Mark wrote and improvised live soundscapes for Pig Iron Theater Company’s “Anodyne”, winner of the Barrymore Award for best sound design, and with Moxie Dance Collective at The Arts Bank, Painted Bride and Kimmel Center. He has played guitar, drums and bass in experimental, indie and jazz projects, plucked with Amy Pickard and the Cradlers, studied Gnawan rhythms, and performed revving the engine of a sixty ton crane with members of Kronos Quartet at the Colly Soleri Music Center at Arcosanti. Mark built the double bass used on Blowout from scratch while living over a woodshop there and continues to be inspired by hybrid pairings like Sonic Youth opening for Sun Ra. Chris Wierzbicki grew up listening to old jazz records while everyone around him was into pop and rock, and never stopped. He started playing piano at age six, and over the years has expanded his instrumental capacity to include trumpet, guitar and drums. Chris played in numerous musical configurations, concert bands, marching bands, jazz bands, guitar in rock band Sandy Duncan’s Glass Eye and in folk /rock duo Wiggly Path.
He Has written and recorded over 10 hours of original music in his home studio between the years 1998 and 2004, also playing in several prog rock bands before finding a nitch, “thank the good lord” in the much underappreciated Philly jazz scene. His one man show and label, Underbeard, produced several singles and a jazz soundtrack for a local gospel choir’s trip to Africa. Mark Dunn was inspired to play saxophone by “The Sound of Sonny” by Sonny Rollins. He formed a weekly open-mic band, called “C What Happens” earning one fellow mate the title of Australian Record Industry Jazz Talent of the Year. He also developed chops with a Latin American band, Clave Latina.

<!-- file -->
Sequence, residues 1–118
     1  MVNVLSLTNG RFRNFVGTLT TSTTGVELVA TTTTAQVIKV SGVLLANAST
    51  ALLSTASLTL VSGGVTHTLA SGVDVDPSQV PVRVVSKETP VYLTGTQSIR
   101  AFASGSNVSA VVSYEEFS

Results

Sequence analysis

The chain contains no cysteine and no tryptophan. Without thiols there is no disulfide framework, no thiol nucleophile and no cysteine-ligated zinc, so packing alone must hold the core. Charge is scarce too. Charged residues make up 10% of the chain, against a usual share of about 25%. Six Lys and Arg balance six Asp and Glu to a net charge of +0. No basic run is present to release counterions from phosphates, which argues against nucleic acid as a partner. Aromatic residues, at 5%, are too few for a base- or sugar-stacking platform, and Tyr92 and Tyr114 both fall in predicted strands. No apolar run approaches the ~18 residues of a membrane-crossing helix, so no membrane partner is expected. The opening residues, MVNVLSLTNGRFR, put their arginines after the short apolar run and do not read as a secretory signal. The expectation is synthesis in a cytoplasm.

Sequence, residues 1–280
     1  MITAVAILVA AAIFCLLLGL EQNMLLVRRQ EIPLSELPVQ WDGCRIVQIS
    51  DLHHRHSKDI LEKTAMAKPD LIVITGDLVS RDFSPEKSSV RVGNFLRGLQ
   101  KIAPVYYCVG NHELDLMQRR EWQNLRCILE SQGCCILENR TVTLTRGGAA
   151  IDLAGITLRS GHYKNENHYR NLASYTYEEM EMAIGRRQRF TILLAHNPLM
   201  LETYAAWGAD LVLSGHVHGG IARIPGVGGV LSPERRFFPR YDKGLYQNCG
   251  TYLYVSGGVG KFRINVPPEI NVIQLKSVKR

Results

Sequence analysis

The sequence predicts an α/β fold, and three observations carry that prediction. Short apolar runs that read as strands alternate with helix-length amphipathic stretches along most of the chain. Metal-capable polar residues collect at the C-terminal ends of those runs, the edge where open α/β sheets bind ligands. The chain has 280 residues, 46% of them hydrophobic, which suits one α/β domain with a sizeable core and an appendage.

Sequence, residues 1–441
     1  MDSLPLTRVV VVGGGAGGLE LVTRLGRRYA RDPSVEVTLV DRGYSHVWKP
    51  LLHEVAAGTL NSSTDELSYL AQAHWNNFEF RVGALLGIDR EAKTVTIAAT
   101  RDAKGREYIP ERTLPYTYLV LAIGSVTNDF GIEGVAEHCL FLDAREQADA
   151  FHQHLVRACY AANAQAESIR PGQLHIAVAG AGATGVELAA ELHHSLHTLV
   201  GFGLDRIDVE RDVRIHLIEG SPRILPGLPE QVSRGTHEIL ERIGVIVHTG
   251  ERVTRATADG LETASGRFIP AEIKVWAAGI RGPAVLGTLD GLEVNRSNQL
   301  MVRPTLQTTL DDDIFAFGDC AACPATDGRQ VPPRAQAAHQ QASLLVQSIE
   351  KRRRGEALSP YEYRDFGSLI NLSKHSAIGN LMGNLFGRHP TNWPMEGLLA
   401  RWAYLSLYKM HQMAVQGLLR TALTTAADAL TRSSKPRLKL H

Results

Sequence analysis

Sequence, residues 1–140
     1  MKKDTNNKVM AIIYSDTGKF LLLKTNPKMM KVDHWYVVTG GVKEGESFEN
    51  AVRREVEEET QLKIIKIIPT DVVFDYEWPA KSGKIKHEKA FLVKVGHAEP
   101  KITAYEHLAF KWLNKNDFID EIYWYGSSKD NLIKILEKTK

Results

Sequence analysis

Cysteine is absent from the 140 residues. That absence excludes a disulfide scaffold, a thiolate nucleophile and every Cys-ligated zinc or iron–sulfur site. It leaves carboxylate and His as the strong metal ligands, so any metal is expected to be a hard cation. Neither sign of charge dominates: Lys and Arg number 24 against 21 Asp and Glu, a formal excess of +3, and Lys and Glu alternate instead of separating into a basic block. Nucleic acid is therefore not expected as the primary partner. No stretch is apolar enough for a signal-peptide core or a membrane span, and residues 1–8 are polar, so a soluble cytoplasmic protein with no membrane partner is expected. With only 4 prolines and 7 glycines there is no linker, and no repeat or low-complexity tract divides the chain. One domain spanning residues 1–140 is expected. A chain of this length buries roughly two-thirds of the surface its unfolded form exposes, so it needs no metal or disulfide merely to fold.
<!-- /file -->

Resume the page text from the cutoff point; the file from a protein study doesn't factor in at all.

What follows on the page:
Following a move to Sydney and busking for a year every Saturday night on the Harbour, Mark experimented with a saxophone quartet, performing jazz, TV themes, and whatever else popped into their heads and horns. He then worked with a thirty piece big band, playing swing tunes arrangements as part of a wailing wall of saxes, trumpets and trombones. Most of all, he’s managed to listen more than play. Read more on Last.fm. User-contributed text is available under the Creative Commons By-SA License; additional terms may apply..
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